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All Work and No Play

11 Oct

… makes me an uninspired, uncreative, dull, dull, dull girl.

Don’t get me wrong; I’m glad I have a job. Maybe even lucky. But lately, my job has left me completely drained – of energy, of time, of creativity, of inspiration. Every day, I go to office, put in eight hours (sometimes more) of my time, my energy, my talents, my heart, my mind, my LIFE.  And at the end of the day, I feel I am left with nothing but fatigue and frustration.  I have nothing left for God, for my husband, my friends, my family, even myself.

I know that part of the problem is my own perfectionism. It kills me to have to deal with mediocrity. (And that can almost be taken in a literal sense, as my intensely high daily stress level surely is doing nothing good for my health.) But every day, mediocrity is what I deal with. On top of that, the people I am surrounded with don’t seem to even notice it. So, every day, I take it upon myself to “cure” us (by us, I mean the media company I work for) of mediocrity. And I’ve realized that I CANNOT do that anymore. I can’t take it upon myself to “fix” everything. I just can’t.

I need balance. I need ME back. When I leave work, I need to LEAVE work. No more taking work home every weekend. No more stressing out during my vacation time and being unable to RELAX because I’m worried about this project, or that impossible deadline, or this article that I need to finish and to perfect. No more skipping workouts or turning down social invitations because I’m exhausted, because I’ve spent too much of myself on work, work, work. No more. I’m done. Done.

Well, until the next time I lose sight or my priorities and lose myself again. Help keep me accountable, will you?

Word of the Day: Ambulate

1 Apr

Ambulate

Function: intransitive verb
Inflected Form(s): am·bu·lat·ed; am·bu·lat·ing
Etymology: Latin ambulatus, past participle of ambulare
Date: circa 1623
: to move from place to place : walk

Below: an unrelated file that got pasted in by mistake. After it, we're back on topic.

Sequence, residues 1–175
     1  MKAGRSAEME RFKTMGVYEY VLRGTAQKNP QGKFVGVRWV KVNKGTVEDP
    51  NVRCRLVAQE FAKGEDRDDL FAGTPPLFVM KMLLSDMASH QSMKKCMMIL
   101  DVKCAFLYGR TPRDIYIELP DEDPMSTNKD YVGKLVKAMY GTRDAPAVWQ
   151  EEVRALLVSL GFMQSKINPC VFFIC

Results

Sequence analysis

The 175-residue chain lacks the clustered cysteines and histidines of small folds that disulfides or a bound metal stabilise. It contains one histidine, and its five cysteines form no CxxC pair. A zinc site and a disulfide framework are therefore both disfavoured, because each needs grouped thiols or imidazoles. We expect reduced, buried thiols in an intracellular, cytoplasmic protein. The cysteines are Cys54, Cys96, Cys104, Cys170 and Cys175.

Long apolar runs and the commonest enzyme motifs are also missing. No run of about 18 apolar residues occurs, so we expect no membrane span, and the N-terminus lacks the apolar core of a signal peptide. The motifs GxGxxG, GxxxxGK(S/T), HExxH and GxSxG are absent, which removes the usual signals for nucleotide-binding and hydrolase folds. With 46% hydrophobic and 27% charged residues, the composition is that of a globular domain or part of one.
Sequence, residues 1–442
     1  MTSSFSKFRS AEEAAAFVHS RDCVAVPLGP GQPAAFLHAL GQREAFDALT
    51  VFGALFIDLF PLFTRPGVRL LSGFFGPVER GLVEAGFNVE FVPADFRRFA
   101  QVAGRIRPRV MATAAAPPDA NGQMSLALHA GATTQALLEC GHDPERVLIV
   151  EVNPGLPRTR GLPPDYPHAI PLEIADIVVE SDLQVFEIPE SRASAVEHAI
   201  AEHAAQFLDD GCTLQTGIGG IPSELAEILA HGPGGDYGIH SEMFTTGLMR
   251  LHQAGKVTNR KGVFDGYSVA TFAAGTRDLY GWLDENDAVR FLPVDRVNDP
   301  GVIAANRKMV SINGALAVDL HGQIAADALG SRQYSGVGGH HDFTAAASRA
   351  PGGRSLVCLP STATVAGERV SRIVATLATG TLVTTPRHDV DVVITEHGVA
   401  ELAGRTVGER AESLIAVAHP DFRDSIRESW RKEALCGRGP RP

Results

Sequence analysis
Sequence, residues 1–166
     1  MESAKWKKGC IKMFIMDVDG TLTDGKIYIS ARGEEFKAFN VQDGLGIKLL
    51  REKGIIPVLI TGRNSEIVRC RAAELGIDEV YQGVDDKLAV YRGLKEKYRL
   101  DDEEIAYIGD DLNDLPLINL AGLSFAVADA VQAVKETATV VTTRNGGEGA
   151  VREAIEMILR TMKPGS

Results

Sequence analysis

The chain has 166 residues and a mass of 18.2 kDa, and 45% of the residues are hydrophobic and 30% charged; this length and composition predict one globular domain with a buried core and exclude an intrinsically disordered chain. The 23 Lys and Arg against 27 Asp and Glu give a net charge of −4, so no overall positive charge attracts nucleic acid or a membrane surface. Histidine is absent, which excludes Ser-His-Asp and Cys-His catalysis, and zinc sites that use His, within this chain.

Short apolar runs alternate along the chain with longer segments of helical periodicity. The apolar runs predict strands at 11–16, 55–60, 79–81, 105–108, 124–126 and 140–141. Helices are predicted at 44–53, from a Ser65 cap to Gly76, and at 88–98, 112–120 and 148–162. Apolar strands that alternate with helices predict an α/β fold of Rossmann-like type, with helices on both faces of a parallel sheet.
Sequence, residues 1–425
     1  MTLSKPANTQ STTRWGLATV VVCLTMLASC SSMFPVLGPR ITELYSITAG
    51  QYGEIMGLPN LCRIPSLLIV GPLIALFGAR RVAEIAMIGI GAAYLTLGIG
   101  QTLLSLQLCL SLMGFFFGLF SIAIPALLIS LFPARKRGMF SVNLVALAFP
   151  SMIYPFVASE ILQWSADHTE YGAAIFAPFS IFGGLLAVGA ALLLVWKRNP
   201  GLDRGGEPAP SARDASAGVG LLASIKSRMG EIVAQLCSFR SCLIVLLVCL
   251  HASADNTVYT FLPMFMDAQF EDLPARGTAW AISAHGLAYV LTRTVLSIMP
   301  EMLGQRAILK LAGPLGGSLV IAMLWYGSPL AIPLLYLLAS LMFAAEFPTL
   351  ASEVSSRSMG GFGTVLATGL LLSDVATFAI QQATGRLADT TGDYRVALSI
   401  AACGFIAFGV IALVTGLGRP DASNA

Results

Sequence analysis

Why would you use the word “ambulate” when the word “walk” will work just fine, especially if you have already used the word “walk” to set up the sentence in which you use the word “ambulate”? The word “ambulate” does not add anything to your writing. I know in grammar school, we were all taught to use descriptive language and replace words like “walk” with flowery synonyms like “saunter,” “stomp,” and “lumber.” However, if “walk” works just fine and gets your point across, then just use “walk.” Don’t try to replace it with some random word that most people will have look up in the dictionary anyway. It’s pointless.
People who use unnecessarily complicated words in an attempt to come across as well-read, well-educated, intelligent, or whatever are just plain annoying, not to mention bombastic, grandiloquent, and possibly supercilious.
Related:

From My Inbox: My Mom’s Last Wish

14 Mar
E-mails like this one I got today make my job both very difficult and very rewarding.  It’s hard when you know that a lot of the people who write for you may not have very much longer to live.  But it is also rewarding to know that you, if even in a small way, have made a difference in someone’s life.  This is from the son of a lady who wrote a small piece for the magazine: 
I want to thank you for all the prayers!
My family needs your prayers for peace, love, finances, relationship!
NO DOOM or GLOOM! My mom was positive to the end and peaceful!!! Very strong woman!
She wanted everyone to read her Article in a cancer magazine! See the attached PDF file!
One regret is that I never video taped her before it got bad. Please do this for your yourself, your kids, your grand kids, great grand kids!
Maybe write a letter to them before it is the end. State your wishes and directions for each person. Write your favorite things and why!
Have a wonderful day and week!
God bless you and Over flow your cup with love, peace, finances, joy, healing, happiness, relationships! Take care!
Related:

Congradulations!

24 Jan

From my inbox:

Congrads on your new position as editor.

Seriously? Come on people. For clarification, this was not some casual e-mail sent to me by a friend. If it were, I would have ignored it. (After all, I don’t spell check casual e-mails I send to friends. I don’t always spell check my blog.) But it wasn’t. It concluded the opening paragraph of a well thought out 800+ word testimonial pitch (we don’t publish those anyway) sent to me by a PR representative. Sure, “conGRADulations” is cute on a graduation card … but if you’re trying to pitch a story to an editor, please use spell check. Thanks.

So You Had a Bad Day

22 Jan

http://www.glumbert.com/media/baddayoffice

It might be "worth while" to learn the difference between affect and effect.

21 Jan

From my Inbox:

One suggestion I do have is to possibly get on a call with our president…He can talk about mold and its affect on allergies, and he can also provide solutions, with a VERY soft sell of our product (fact sheet attached). Let me know if that’s something worth while to pursue and I’d be happy to set it up for you (or the writer).

Manager, Marketing Communications

Q&A with John Kerry

13 Dec

This is just one question out of eight in the actual interview. It was the one that I found the most interesting. Enjoy!